Finally, the Buckeyes went deep and everything went according to plan. Devin Smith ran past the best Michigan State cornerback, Johnny Adams, and Braxton Miller hit him in the hands in stride with a perfect pass. Smith fought off Adams’ last protestations and galloped into the end zone, stunning the Spartans and their crowd.

It felt a little like Terrelle Pryor’s bomb to DeVier Posey at Penn State in 2009, but this was different. That play was made possible by a bust in coverage. This was no mistake. The Spartans got what they wanted, but so did Ohio State. May the better man win, and Smith did with an assist from Miller.

And as the Buckeyes dialed up more pressure late, the Spartans wilted on both sides of the ball, unable to protect Maxwell when they had to throw and unable to stop Miller and Carlos Hyde when everyone in the stadium knew they would be running.

Just like they drew it up.

What we can expect to learn this week: How the Buckeyes tackle on the edge and in space.

Yes, I realize those have become ubiquitous terms in college football these days, but that is right where Nebraska will attack Ohio State. It’s where the Cornhuskers gashed the Buckeyes a year ago, too.

Coordinator Tim Beck’s unique option-based attack is an appropriate next challenge for the Ohio State defense after it mostly shut down the basic MSU attack. Think of it like moving from algebra to trigonometry.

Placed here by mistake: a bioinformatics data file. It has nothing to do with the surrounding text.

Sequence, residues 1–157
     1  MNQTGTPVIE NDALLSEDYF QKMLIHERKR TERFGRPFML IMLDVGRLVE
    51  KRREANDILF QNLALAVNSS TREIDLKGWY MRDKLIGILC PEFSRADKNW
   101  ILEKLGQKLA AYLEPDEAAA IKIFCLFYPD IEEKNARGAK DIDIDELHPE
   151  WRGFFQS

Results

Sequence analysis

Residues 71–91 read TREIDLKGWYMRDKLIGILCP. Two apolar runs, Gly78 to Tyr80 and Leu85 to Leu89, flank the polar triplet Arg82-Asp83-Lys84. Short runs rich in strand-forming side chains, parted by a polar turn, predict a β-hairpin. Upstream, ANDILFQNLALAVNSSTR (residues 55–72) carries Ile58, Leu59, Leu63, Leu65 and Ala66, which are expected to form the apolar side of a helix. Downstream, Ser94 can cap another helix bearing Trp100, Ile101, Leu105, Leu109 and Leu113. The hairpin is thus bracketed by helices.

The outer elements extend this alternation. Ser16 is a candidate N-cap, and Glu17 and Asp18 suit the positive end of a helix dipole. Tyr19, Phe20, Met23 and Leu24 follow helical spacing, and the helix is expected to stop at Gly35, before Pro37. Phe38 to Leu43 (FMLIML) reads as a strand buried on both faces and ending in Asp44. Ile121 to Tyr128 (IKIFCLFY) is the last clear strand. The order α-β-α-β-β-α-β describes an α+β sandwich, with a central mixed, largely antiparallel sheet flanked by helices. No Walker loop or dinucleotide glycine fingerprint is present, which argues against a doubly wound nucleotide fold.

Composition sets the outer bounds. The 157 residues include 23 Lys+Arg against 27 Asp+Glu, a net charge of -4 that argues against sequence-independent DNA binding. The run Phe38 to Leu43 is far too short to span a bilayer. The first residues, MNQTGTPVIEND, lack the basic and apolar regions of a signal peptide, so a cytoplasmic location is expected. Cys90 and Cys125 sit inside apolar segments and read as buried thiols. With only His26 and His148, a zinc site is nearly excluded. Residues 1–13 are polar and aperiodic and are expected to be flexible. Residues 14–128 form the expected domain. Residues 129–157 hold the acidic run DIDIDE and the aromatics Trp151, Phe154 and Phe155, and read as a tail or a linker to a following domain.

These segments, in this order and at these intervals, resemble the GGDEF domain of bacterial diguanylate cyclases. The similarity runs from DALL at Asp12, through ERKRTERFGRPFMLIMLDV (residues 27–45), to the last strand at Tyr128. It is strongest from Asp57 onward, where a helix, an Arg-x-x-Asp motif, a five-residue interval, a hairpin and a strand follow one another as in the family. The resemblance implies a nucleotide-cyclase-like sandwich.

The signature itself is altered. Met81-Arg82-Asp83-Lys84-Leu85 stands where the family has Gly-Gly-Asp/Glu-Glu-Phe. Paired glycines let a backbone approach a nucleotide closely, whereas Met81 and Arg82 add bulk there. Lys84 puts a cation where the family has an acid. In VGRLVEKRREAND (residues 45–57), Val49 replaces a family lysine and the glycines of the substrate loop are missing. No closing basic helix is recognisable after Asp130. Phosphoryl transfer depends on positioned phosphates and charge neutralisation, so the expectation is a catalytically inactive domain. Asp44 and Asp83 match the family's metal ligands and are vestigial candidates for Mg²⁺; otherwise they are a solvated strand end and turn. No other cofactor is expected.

Although how much remains to be seen, Taylor Martinez has improved both as a passer and a decision maker. He can stress defenses in numerous ways, and there will be no ganging up on the Huskers in any one area of the field.

With two talented running backs and an emerging receiver corps to go along with the dynamic quarterback, this is going to be by far the best offense Ohio State has faced this season. The line offers a different look, too, with a lot of cut blocking and movement up front.

On the flip side, Ohio State should bring some confidence back with it to Ohio Stadium on offense. The line handled a very good Michigan State front seven for most of the day, and Miller continued to prove he can handle just about anything thrown at him. Another week for Hyde to get re-acclimated to the offense should help, too, but it remains to be seen how available Jordan Hall will be.

The Blackshirts rose up when it matter last week against Wisconsin, but the Badgers have struggled on offense all year. This Nebraska defense remains a vulnerable unit until it proves otherwise.

Of course, that could come this week. Who knows in this league, where no one seems prepared to grab the reins.

Except maybe Ohio State after that big road win last week, or Nebraska if it can do the same this Saturday in Columbus.

Big Ten thoughts: One of the league’s unbeaten pretenders fell by the wayside, and let’s be honest, it was the one we probably should have expected to fold first.

I’m still not sure what to make of Iowa after a throttling of Minnesota, but good for the Hawkeyes to reclaim the Floyd of Rosedale, the coolest trophy in sports.

Wisconsin’s spiral continues as the Badgers are officially without a quarterback to rely on and Montee Ball continues to struggle behind an ineffective offensive line.